I could go on and on, but I'll spare you and myself the details of loss and sadness. I know it could have been worse. Our home was a temporary one in that we were renting after we sold our house in November while we figured out where we wanted to settle permanently. But it was still our home. And it was flooded. When water starts to fill up your home, you scramble and start moving all you can to higher ground. But then there comes a point, especially in a severe flood like this one, where there's nothing you can do and you just watch the water rise. And rise. It's 3 weeks out today since the last time we were able to sleep in our home. I feel for my children to have to deal with this. They are resilient though and life goes on, is something they have learned. That our home is us. We take it wherever we go.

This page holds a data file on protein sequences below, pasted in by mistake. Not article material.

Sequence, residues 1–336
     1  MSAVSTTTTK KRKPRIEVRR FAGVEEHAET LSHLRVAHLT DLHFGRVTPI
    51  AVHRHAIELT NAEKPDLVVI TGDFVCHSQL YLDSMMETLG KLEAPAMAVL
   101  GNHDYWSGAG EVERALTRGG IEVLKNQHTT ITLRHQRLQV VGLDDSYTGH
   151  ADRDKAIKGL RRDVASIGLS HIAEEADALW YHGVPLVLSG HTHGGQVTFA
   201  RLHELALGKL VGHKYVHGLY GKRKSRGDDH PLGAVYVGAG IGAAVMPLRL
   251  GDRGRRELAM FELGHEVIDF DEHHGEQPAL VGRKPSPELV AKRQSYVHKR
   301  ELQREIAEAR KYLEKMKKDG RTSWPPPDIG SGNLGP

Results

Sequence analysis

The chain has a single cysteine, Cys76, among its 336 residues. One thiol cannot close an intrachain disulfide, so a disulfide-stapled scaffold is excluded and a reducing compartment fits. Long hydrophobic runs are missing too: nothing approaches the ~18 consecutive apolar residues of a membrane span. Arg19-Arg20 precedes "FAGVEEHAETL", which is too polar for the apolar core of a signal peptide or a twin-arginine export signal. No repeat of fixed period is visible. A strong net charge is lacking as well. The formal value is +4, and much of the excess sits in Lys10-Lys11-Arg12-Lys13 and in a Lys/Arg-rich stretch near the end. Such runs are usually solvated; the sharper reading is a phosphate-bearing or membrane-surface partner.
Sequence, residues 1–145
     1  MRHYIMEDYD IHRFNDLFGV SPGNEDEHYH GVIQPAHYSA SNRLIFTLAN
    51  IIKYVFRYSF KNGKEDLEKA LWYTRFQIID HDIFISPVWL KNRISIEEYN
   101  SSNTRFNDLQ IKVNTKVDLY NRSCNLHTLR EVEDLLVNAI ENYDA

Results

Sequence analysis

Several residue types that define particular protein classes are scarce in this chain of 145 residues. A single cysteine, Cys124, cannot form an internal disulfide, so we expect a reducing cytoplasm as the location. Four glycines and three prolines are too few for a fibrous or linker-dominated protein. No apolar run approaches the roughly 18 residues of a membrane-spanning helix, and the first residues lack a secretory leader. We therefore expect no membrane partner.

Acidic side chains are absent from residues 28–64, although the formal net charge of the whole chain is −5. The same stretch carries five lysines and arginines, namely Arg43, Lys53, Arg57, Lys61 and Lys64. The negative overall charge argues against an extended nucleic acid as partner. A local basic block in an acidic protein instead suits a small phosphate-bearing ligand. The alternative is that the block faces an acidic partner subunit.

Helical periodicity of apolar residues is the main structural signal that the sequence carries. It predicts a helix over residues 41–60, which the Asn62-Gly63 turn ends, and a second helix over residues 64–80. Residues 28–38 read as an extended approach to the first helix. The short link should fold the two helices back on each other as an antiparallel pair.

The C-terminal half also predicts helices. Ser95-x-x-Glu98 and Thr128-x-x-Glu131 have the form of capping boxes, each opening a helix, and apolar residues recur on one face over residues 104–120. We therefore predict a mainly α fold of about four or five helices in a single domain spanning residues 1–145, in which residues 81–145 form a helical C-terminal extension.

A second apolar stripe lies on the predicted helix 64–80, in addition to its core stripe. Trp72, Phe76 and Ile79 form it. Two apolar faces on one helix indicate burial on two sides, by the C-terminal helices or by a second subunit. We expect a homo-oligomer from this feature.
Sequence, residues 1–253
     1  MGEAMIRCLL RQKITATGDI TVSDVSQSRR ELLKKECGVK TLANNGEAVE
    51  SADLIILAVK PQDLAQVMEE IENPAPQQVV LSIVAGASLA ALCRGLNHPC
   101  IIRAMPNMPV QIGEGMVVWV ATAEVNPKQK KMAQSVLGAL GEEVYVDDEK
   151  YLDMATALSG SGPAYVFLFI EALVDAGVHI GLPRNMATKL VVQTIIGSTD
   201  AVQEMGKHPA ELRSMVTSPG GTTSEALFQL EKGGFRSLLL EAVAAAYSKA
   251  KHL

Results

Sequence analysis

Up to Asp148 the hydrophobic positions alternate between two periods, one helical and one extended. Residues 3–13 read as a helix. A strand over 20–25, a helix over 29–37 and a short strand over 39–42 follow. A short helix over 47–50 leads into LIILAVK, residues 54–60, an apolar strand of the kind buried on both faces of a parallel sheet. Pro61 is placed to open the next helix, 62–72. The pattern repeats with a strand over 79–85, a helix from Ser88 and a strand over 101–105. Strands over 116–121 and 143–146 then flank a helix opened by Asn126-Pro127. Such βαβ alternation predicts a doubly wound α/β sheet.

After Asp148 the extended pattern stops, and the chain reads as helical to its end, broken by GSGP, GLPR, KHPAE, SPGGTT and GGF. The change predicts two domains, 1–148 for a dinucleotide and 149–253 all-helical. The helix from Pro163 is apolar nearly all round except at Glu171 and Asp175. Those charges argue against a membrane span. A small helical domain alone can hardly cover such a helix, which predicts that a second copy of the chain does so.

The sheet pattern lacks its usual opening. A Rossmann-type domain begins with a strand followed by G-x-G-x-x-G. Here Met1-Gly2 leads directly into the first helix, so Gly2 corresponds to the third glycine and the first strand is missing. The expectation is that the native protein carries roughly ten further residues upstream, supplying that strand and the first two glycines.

8 years ago, I had written an entry on "loss" in ball point pen. The next page, dated with a stamp was written with non water-proof pen and 8 years later was washed away in a flood.
I have learned many lessons, and some I am still in the process of learning. But one thing that I will never forget, is the kindness and generosity of people who see someone suffering and reach out to help. You really find out about people's character in times of crisis. That was something that I learned early on as a little girl and have relearned many times over in my life. But this time it was in a more positive light. I learned that the artist community that I find myself in is filled with people who see something like this happen and say, "how can I help?"